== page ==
So there I am reading a Torah blessing, in an ancient synagogue on top of Mount Masada. I am 31 years old and finally having my Bat Mitzvah moment.
It’s December 2012 and even just a year earlier, I would have considered traveling to Israel with 40 other Jews a long shot. I would have considered climbing mountains and perusing museums with this group a pipe dream. The fact that I was doing it with a Jewish man whom I had only recently met — and turned out to be the love of my life — made it all the more incredible.
The Jewish Federation of Greater Philadelphia has been sponsoring Israel 360, a trip to Israel for 27- to 35-year-olds, for the past three years. Jeffrey and I found out about the trip through one of his friends. I’d never been to Israel, was too old for Birthright — and this was my chance.
We both applied and were accepted. Everybody on the trip was from Philly. I randomly sat next to a woman on the plane who used to teach Hebrew at Jeffrey’s childhood synagogue, Tiferet Bet Israel. Julie taught me a portion of the Torah blessing, which I was hoping to say on Masada. What she didn’t know was that she would be my rabbi for the event.
Following the ceremony (which is on youtube youtube/
GDeUf8pq_Ic,), my newly declared Philadelphia Jewish family rushed the imaginary bimah to initiate a hora. I was showered with candy. The love and excitement that surrounded me that day is unforgettable.
Twenty years ago, my only connection to Judaism and B’nai Mitzvah rituals were the Electric Slide and Coke & Pepsi, dances and games I taught while working at my father’s entertainment company, even before I was old enough to become a Bat Mitzvah. But I never did experience that milestone myself. My mother had converted to Judaism to raise my sister and me with my father’s religion. We celebrated the Jewish holidays with my Jewish cousins, but we never went to Hebrew school.
I felt like an outcast for not having completed the Bat Mitzvah ritual. My parents divorced when I was 7, and all of my ties to Judaism were broken by the time I went to college. I felt my Jewish identity was lost forever, until I met Jeffrey and his family.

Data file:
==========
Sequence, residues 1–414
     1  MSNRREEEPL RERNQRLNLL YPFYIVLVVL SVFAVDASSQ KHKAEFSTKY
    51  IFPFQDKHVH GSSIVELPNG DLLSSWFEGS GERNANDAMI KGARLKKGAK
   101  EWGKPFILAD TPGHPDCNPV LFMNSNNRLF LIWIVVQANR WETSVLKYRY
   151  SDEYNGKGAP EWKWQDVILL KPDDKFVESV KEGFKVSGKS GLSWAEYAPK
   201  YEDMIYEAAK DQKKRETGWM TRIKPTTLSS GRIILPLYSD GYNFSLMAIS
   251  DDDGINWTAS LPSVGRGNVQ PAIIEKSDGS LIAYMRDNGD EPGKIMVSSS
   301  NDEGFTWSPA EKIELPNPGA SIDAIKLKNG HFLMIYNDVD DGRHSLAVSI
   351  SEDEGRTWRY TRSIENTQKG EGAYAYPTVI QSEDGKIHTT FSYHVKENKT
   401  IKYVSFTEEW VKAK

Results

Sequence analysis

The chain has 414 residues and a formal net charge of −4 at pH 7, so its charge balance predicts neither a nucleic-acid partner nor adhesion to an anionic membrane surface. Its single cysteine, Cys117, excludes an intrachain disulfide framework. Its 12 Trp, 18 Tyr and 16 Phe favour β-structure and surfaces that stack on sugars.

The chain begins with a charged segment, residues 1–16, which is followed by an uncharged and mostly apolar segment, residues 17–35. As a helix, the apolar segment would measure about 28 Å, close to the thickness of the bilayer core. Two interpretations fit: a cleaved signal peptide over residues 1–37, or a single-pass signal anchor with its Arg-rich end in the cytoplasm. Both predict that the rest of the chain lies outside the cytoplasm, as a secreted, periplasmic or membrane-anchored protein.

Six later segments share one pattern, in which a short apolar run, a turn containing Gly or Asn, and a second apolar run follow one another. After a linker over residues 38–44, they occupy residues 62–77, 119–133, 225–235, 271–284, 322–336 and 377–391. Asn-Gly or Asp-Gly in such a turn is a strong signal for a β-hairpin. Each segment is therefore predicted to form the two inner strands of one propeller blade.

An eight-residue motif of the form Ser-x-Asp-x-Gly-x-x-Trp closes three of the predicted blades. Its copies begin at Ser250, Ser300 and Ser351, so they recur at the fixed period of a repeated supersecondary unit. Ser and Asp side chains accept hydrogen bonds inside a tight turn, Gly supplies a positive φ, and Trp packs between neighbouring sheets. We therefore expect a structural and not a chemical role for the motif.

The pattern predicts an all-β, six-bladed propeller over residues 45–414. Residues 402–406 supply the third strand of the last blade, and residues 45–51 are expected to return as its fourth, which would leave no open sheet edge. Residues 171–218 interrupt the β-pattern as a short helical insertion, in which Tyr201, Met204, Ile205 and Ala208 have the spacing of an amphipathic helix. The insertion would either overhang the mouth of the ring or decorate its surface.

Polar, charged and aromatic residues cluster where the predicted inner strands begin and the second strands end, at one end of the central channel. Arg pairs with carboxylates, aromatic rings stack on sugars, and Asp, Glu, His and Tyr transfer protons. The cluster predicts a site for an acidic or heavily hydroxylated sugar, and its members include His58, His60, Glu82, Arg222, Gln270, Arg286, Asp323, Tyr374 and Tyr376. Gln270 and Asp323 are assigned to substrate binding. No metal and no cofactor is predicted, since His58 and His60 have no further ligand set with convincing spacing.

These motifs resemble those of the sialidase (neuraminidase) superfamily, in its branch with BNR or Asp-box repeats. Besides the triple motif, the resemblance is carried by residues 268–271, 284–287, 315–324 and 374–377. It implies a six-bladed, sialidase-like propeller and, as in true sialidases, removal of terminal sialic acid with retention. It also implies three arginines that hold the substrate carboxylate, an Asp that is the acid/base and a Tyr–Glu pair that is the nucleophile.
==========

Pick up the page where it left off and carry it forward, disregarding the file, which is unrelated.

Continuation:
In Israel, I began to understand what it means to be a Jew. At Yad Vashem, Israel’s Holocaust museum, in particular, I became very connected to Jewish history, and the nature of the struggle between the Jewish people and the rest of society.
I started to feel like an important part of the greater whole of Jewish history. I realized it didn’t matter how I was raised, or what I wasn’t exposed to; I had the power to create my own traditions. I stood in the doorway of Yad Vashem with tears in my eyes and a transforming spirit filling my heart. I became settled in who I was and what I wanted to accomplish. I was empowered to embrace my Jewish identity and create a future in my family that would keep tradition alive.
Since returning to the United States, we’ve been participating in workshops created by Federation’s Renaissance Group to further educate us on the political and sociological perspectives affecting Israel and Judaism today. It is clear to me that I am now a part of something bigger when it comes to being a Jew. It’s also clear to me that I can now make a difference by engaging in Jewish programming. I don’t feel that I need to hide behind somebody more Jewish than I am in order to participate.
I am proud of who I am and where I come from in a way that I never have been before. This was the gift I received from traveling to Israel. Jeffrey is the love of my life, and Israel 360 was a trip of a lifetime. Thank you, Israel 360. l
Jamie Berman is a marketing professional who lives in Upper Darby.